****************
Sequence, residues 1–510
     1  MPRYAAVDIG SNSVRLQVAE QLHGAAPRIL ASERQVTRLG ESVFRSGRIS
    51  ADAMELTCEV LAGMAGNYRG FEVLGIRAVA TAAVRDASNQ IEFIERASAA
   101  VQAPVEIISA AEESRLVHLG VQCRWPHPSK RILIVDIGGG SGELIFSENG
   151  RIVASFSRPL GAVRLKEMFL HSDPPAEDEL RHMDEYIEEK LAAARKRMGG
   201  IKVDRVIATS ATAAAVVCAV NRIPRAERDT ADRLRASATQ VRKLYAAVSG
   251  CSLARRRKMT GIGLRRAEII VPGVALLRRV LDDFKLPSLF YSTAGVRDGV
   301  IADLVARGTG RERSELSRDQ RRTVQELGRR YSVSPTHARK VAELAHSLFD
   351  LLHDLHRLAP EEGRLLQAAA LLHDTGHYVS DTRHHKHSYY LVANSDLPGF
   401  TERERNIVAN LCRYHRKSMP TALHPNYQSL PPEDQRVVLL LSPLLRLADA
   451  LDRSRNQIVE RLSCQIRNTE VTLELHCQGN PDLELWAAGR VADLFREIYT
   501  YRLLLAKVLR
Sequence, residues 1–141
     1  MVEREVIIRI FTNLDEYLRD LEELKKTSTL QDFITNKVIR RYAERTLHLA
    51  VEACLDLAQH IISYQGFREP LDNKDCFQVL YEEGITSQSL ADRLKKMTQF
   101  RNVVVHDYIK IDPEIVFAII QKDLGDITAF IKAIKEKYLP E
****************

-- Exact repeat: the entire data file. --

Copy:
Sequence, residues 1–510
     1  MPRYAAVDIG SNSVRLQVAE QLHGAAPRIL ASERQVTRLG ESVFRSGRIS
    51  ADAMELTCEV LAGMAGNYRG FEVLGIRAVA TAAVRDASNQ IEFIERASAA
   101  VQAPVEIISA AEESRLVHLG VQCRWPHPSK RILIVDIGGG SGELIFSENG
   151  RIVASFSRPL GAVRLKEMFL HSDPPAEDEL RHMDEYIEEK LAAARKRMGG
   201  IKVDRVIATS ATAAAVVCAV NRIPRAERDT ADRLRASATQ VRKLYAAVSG
   251  CSLARRRKMT GIGLRRAEII VPGVALLRRV LDDFKLPSLF YSTAGVRDGV
   301  IADLVARGTG RERSELSRDQ RRTVQELGRR YSVSPTHARK VAELAHSLFD
   351  LLHDLHRLAP EEGRLLQAAA LLHDTGHYVS DTRHHKHSYY LVANSDLPGF
   401  TERERNIVAN LCRYHRKSMP TALHPNYQSL PPEDQRVVLL LSPLLRLADA
   451  LDRSRNQIVE RLSCQIRNTE VTLELHCQGN PDLELWAAGR VADLFREIYT
   501  YRLLLAKVLR
Sequence, residues 1–141
     1  MVEREVIIRI FTNLDEYLRD LEELKKTSTL QDFITNKVIR RYAERTLHLA
    51  VEACLDLAQH IISYQGFREP LDNKDCFQVL YEEGITSQSL ADRLKKMTQF
   101  RNVVVHDYIK IDPEIVFAII QKDLGDITAF IKAIKEKYLP E